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Cisco’s Upbeat Forecast Signals Strong Corporate Spending

Ian King
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Cisco’s Upbeat Forecast Signals Strong Corporate Spending

(Bloomberg) -- Cisco Systems Inc. gave a bullish sales and profit forecast for the current period, a sign that corporations continue to spend on their computer networks despite concern that a trade dispute between China and the U.S. will slow global economic growth.

Sales in the fiscal fourth quarter will increase 4.5% to 6.5% from the same period a year earlier, the San Jose, California-based company said Wednesday in a statement. That indicates revenue of as much as $13.5 billion, compared with analysts’ average estimate of $13.29 billion. Adjusted profit will be 80 to 82 cents a share, in line with projections for 81 cents.

Cisco shares were up 3.5% in pre-market trading at 4:36 a.m. in New York Thursday. The stock, which has gained more than 20% this year, increased less than 1% to $52.44 at Wednesday’s close in New York.

Cisco, whose equipment makes up the backbone of the internet and corporate networks, has returned to growth by revamping existing products and adding new software and services under a corporate makeover by Chief Executive Officer Chuck Robbins. The company’s forecast may help defuse concerns that companies are becoming less willing to invest in new hardware amid fears about tariffs on trade between the world’s two largest economies.

Cisco’s outlook takes into account the possibility that the U.S. will follow up on its threat to levy a 25% tariff on a variety of goods made in China, Robbins said.

“We’re proud of what the teams have achieved in a very complex world, but it will remain a complex world,” the CEO said in telephone interview. The company has experience in moving its manufacturing locations and has done the work needed to mitigate the impact of a tariff hike, he said.

Cisco said orders are increasing, particularly from security unit customers, because of the work done over the last two years to revamp its products. That has made the offerings a better fit for the more complicated networking and computing needs of corporations, which are using a mix of in-house networks and outsourcing, Robbins said.

In the fiscal third quarter, which ended April 27, net income rose to $3.04 billion, or 69 cents a share, from $2.69 billion, or 56 cents, a year earlier. Revenue climbed to $13 billion. Excluding certain items, Cisco posted profit of 78 cents a share, compared with the average analyst estimate of 77 cents, according to data compiled by Bloomberg.

By region, the Americas led the way in the quarter with a 9% gain in sales from a year ago, excluding a divested business, to $7.7 billion. Europe was also up, rising 5%. Cisco’s security business revenue jumped 21% from a year earlier to $707 million. Hardware grew 5% and software expanded 9%.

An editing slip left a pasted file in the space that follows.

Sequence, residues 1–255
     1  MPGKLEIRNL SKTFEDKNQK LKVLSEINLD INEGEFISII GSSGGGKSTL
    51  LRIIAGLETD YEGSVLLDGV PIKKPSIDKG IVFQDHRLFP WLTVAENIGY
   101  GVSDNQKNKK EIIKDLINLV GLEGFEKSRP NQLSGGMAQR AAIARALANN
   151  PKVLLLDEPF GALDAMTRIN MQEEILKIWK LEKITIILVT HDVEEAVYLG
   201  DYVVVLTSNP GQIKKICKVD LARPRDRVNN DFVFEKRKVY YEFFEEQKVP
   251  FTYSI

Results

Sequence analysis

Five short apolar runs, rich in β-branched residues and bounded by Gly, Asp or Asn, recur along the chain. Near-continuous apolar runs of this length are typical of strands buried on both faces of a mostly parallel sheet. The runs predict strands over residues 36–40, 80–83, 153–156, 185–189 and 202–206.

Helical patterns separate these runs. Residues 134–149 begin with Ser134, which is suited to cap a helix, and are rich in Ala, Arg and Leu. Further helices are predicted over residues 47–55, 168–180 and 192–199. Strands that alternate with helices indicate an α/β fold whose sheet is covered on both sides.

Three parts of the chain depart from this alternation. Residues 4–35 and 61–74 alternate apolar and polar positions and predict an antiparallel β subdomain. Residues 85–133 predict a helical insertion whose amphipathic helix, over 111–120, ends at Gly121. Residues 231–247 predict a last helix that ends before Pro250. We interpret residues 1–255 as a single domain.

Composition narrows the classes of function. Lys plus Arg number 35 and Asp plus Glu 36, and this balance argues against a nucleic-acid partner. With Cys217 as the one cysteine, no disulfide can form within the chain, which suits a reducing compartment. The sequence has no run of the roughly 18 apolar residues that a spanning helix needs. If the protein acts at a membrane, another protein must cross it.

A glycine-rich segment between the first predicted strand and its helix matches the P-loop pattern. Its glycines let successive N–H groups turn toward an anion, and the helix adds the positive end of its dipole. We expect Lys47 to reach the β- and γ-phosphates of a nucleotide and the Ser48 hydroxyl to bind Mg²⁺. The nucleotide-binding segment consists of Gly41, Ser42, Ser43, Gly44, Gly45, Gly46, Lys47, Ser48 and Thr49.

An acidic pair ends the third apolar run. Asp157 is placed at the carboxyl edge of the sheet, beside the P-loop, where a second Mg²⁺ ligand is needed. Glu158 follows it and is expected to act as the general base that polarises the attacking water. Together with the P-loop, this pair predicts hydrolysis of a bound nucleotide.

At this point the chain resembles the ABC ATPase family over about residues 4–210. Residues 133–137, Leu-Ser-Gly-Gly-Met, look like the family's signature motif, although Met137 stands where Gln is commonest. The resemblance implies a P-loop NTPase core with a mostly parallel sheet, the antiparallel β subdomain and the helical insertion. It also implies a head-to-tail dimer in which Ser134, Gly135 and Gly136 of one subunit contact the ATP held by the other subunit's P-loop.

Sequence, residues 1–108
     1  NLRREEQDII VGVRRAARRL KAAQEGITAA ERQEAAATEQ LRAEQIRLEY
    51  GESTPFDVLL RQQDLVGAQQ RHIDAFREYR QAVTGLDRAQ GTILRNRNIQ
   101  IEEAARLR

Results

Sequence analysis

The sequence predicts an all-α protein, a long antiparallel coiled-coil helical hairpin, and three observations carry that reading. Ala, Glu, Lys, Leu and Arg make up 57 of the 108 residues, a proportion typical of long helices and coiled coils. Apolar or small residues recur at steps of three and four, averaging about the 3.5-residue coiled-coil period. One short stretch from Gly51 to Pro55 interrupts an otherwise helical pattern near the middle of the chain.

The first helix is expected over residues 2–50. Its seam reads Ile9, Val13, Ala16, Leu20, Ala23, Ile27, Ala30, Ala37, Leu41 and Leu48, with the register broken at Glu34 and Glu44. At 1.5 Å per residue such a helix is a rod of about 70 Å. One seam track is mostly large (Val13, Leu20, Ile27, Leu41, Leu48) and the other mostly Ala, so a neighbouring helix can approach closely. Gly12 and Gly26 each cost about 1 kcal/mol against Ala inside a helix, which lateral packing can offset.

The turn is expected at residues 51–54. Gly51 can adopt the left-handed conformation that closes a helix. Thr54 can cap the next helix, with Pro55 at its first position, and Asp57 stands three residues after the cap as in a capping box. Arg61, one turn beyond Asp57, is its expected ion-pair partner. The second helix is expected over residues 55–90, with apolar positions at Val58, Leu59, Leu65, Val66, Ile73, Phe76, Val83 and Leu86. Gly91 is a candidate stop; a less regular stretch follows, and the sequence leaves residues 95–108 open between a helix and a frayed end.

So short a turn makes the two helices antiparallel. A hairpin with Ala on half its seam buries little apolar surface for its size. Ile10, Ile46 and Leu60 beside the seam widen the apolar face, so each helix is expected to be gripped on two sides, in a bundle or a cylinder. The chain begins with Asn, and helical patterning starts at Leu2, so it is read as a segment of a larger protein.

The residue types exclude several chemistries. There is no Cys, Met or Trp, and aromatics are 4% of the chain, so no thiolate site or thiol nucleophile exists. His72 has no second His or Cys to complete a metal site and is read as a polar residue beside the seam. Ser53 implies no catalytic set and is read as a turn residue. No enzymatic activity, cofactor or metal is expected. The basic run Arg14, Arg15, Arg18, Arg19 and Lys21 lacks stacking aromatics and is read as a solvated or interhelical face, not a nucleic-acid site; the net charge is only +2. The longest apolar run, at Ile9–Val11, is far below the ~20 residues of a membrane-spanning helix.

Cisco’s status as the biggest maker of routers, switches and other gear used to connect computers means its earnings are seen as a broad indicator of corporate spending plans. The company gets only a tiny percentage of sales from China, where it’s been largely locked out of the market, and in one way may be a beneficiary of the ongoing trade dispute, which includes U.S. government attempts to block purchases of equipment from one of its biggest rivals, Huawei Technologies Co. Still, if business spending is hindered by an overall economic slowdown caused by trade uncertainty, Cisco’s sales could feel a hit, analysts have said.

Cisco has "greatly reduced" its exposure to manufacturing in China, said Chief Financial Officer Kelly Kramer on an analyst call, and that it is "trying to mitigate" any impact.

Under Robbins, Cisco has made a string of acquisitions aimed at bringing in software and services that will ease the company’s dependence on hardware. He’s trying to build more predictable, recurring revenue by offering customers the ability to remotely manage and monitor their networks in order to make them more efficient and secure.

Cisco’s leader has said that transformation will take time as many of the new offerings require customers to shift to newer hardware that will support advanced functions and services.

(Updates with shares, added 11th paragraph.)

To contact the reporter on this story: Ian King in San Francisco at ianking@bloomberg.net

To contact the editors responsible for this story: Jillian Ward at jward56@bloomberg.net, Andrew Pollack

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